The following further points in the deposition of Agnes Sampson are worthy of notice. “Item, She went with the witch of Carrieburn, and other witches, to the kirk of Newton, and taking up dead folks and jointing them [cutting off fingers, &c.], made enchanted powders for witchcraft. Item, She went with other witches in a boat, the devil going before them like a rock of hay. Item, The devil, in the shape of a dog, gave her responses concerning her laird’s recovery, and endeavoured to put awa ane of the ladies’ daughters. Item, She raised a universal great storm in the sea when the queen was coming to Scotland, and wrote a letter to that effect to a witch in Leith. Item, She used this prayer in the healing of sickness:-
All kinds of ill that ever may be, &c.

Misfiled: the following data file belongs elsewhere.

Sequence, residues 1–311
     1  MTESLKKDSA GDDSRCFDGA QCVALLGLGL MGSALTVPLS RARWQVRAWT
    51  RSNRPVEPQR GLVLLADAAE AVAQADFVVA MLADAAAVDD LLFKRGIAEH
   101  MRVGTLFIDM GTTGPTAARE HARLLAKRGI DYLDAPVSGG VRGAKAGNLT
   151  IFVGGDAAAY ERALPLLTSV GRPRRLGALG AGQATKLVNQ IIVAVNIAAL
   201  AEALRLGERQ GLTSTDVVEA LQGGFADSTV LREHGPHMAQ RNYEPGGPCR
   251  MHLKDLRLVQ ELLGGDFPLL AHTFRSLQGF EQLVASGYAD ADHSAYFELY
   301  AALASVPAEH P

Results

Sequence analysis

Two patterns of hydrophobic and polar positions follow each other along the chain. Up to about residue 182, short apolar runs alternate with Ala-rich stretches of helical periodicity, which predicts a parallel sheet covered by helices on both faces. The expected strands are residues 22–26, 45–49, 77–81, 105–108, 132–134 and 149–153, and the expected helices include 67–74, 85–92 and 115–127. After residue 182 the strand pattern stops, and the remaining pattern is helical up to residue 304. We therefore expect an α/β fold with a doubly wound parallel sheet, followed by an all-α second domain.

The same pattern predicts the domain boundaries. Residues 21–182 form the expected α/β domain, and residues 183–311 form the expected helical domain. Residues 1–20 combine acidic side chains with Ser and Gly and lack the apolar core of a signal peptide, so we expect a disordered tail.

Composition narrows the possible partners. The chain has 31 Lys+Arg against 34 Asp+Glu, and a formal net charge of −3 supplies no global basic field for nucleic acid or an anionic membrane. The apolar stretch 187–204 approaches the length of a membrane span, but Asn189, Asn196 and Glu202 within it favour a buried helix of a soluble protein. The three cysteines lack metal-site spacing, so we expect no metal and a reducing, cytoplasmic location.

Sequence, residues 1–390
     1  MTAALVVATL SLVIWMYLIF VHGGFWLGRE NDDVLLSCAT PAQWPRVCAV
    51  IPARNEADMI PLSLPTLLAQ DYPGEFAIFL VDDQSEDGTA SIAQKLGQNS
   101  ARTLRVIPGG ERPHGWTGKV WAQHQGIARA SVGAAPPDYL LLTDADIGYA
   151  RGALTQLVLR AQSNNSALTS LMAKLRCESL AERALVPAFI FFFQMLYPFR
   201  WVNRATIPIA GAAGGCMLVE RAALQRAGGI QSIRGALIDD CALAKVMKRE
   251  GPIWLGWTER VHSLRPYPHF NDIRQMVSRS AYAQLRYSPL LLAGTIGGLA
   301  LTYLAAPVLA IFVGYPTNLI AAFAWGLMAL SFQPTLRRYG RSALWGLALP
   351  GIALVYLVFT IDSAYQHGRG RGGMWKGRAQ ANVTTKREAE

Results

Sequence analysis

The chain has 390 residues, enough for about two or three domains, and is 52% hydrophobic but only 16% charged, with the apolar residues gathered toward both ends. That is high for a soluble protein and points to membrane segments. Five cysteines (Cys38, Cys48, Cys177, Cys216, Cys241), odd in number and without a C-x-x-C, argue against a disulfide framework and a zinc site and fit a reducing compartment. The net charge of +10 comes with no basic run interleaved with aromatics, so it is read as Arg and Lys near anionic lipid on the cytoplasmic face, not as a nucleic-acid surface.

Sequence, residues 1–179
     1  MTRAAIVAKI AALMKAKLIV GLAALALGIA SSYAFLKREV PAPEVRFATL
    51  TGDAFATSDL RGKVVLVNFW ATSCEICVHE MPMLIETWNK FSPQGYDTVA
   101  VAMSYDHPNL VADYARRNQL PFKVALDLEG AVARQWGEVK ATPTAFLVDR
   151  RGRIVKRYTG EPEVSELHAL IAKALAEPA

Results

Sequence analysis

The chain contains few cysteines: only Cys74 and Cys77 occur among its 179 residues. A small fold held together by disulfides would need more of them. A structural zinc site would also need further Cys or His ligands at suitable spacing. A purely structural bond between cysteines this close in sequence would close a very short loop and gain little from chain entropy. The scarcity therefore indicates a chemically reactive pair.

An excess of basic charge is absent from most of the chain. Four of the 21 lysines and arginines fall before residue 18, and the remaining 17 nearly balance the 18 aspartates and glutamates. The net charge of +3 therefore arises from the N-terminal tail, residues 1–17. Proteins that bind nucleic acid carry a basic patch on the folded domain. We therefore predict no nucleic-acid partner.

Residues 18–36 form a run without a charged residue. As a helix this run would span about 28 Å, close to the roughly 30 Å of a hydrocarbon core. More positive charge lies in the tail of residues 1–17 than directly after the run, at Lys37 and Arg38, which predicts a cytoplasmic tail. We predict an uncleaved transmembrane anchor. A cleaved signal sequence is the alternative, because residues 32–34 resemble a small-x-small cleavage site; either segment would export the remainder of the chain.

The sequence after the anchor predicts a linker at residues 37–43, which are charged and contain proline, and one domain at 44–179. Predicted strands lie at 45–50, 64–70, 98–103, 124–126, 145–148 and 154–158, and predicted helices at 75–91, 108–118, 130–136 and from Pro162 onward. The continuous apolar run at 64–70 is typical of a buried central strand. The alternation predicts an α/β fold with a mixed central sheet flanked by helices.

The repetition of these and such like verses by the confessing witches, has been matter of frequent surprise. But it must be remembered that a code of witchcraft, extensively known and accredited, existed at that day, regular forms and rules for its exercise having been laid down in the course of time. It must be recollected, also, that these poor creatures, though guiltless of all supernatural intercourse, had really pretended to the gift of healing by charms and incantations in many cases, and had to invent or learn formulas for the purpose. Besides, we find these doggrel scraps chiefly in the revelations of Agnes Sampson. She, it is stated, could write, and of course could read also; and hence she is to be regarded as a person who had had superior opportunities for acquiring a knowledge of the witchcraft code, as well as superior capabilities for filling up deficiencies on the spur of the moment. In her confession she implicated one Doctor Fian, otherwise called John Cunningham, master of the school at Saltpans, in Lothian, a man whose story may be noticed at some length, as one of the most curious and instructive in the whole annals of Scottish witchcraft.